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A covert cause of hypoxemia: Intravascular pulmonary lymphoma

A covert cause of hypoxemia: Intravascular pulmonary lymphoma

We describe a patient with intravascular pulmonary lymphoma who presented with progressive dyspnea and hypoxemia with normal chest radiographic findings. After an unrevealing noninvasive evaluation, a high-grade B-cell intravascular lymphoma was diagnosed by bronchoscopy with transbronchial biopsy. Treatment with a modified CHOP regimen resulted in resolution of the patient's hypoxemia and exercise limitation. Although intravascular pulmonary lymphoma rarely presents with pulmonary symptoms, it should be considered in the differential diagnosis of patients presenting with hypoxemia and normal chest radiographic findings.

The case

A 55-year-old female nonsmoker presented with a chief complaint of 6 weeks of progressive severe exertional dyspnea. She denied chest pain, cough, sputum production, hemoptysis, rash, arthralgias, fever, night sweats, and chills. Two weeks before presentation, the patient noted fatigue and weakness, with occasional diarrhea but no melena or hematochezia. Twenty years previously, she had been treated for tuberculosis with a 6-month 4-drug regimen.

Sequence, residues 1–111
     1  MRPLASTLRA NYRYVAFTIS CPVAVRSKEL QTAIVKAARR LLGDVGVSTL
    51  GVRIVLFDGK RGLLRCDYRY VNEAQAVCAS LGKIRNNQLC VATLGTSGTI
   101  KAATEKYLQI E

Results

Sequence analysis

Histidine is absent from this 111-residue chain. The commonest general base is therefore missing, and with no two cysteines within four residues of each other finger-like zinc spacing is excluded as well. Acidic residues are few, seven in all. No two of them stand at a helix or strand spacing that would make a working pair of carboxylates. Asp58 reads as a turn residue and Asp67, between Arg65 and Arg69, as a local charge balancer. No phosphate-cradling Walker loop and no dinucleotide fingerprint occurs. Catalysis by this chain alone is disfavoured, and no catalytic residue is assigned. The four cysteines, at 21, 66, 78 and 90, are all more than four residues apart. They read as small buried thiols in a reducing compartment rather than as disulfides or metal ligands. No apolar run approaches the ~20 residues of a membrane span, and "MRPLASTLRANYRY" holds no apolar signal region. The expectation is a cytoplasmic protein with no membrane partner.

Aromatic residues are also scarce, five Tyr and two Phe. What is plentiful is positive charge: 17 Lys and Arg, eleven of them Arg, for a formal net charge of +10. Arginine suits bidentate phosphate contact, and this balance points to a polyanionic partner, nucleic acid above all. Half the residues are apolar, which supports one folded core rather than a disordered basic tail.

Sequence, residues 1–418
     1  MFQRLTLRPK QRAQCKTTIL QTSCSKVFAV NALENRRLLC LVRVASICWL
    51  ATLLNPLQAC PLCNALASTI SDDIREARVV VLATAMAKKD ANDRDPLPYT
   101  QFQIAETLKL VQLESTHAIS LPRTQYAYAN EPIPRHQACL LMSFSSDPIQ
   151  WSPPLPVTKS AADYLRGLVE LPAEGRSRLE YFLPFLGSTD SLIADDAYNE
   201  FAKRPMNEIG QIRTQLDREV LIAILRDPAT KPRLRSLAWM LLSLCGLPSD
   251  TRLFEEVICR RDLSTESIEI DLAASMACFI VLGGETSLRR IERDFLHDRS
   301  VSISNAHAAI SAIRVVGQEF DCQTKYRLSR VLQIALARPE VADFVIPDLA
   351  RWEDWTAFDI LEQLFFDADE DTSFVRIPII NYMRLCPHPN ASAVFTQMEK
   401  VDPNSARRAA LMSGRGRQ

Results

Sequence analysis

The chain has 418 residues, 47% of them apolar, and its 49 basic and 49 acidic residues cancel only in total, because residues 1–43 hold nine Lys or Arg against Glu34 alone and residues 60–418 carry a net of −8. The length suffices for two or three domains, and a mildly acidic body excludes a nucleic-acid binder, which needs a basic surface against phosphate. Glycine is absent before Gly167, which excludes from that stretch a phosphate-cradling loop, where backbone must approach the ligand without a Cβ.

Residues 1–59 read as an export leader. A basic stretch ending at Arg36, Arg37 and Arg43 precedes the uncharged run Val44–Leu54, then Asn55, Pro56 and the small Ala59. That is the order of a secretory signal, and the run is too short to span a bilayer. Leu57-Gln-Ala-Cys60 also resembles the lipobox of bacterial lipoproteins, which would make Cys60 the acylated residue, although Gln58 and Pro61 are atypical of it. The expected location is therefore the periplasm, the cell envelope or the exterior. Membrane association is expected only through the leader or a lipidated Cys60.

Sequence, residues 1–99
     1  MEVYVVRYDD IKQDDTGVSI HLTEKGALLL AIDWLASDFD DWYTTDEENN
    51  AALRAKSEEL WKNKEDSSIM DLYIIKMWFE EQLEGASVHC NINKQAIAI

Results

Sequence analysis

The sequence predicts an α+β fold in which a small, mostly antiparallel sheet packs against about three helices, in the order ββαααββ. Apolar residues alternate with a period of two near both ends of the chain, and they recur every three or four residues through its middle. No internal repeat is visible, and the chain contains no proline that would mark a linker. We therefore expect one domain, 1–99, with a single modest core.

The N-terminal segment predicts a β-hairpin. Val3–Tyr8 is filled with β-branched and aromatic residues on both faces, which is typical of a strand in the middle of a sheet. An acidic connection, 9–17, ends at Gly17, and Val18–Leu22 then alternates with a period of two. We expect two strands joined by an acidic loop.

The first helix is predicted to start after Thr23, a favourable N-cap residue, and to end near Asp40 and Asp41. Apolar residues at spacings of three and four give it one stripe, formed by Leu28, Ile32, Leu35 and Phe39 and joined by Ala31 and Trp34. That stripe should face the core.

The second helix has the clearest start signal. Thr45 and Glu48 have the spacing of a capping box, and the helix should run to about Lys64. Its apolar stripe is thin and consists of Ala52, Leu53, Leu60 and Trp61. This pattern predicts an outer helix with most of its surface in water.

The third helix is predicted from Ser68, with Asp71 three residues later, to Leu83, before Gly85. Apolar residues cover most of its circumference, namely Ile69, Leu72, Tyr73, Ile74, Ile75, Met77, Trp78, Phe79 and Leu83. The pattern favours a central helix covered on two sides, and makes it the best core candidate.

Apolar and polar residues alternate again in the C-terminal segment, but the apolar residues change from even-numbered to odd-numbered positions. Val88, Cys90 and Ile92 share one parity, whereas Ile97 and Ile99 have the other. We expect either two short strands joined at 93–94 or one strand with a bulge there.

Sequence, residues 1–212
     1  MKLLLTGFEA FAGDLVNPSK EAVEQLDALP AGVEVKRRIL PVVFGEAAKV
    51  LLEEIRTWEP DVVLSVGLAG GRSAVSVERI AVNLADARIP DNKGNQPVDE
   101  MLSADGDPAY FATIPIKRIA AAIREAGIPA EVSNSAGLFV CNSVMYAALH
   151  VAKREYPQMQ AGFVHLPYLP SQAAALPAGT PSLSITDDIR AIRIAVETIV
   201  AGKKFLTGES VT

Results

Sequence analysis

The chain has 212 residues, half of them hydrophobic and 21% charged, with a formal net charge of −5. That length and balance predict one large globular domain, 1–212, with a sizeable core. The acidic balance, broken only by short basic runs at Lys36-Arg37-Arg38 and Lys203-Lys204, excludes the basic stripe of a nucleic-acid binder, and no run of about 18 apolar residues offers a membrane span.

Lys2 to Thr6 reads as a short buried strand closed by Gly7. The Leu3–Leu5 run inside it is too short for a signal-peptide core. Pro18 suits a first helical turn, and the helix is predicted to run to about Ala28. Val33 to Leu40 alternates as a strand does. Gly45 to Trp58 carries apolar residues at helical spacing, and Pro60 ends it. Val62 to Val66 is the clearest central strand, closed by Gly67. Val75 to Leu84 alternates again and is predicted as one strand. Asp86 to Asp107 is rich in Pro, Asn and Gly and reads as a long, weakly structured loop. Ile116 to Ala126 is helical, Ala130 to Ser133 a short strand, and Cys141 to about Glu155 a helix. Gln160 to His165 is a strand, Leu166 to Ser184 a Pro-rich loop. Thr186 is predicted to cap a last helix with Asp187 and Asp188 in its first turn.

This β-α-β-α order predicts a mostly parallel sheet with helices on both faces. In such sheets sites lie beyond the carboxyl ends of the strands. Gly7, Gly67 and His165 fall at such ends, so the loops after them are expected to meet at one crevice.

The patient's physical examination findings were unremarkable. Her heart rate and respiration rate were normal at rest. Pulse oximetry showed an oxygen saturation of 88% on room air, and arterial blood gas analysis revealed a PaO2 of 58 mm Hg. Her oxygen saturation rose to 95% on 2 L of oxygen via nasal cannulae.

Chest radiographic and ECG findings were normal. The results of a ventilation-perfusion scan were interpreted as very low probability for pulmonary embolism, and spirometry demonstrated a mild obstructive defect. A high-resolution CT pulmonary angiogram showed minimal left apical scarring consistent with well-healed tuberculosis.

The results of routine laboratory tests, including liver function tests, were normal, except for a lactate dehydrogenase (LDH) level of 1409 U/L (normal, 185 to 290 U/L). Over the course of a few days, generalized edema developed. The patient's aspartate aminotransferase level increased to 115 U/L (normal, 10 to 47 U/L), and her albumin level decreased to 2.6 g/dL (normal, 3.6 to 4.8 g/dL). The results of a hepatitis profile and urinalysis were normal. An echocardiogram demonstrated normal ventricular function and chamber sizes with a patent foramen ovale, although a significant right-to-left shunt was not demonstrated.

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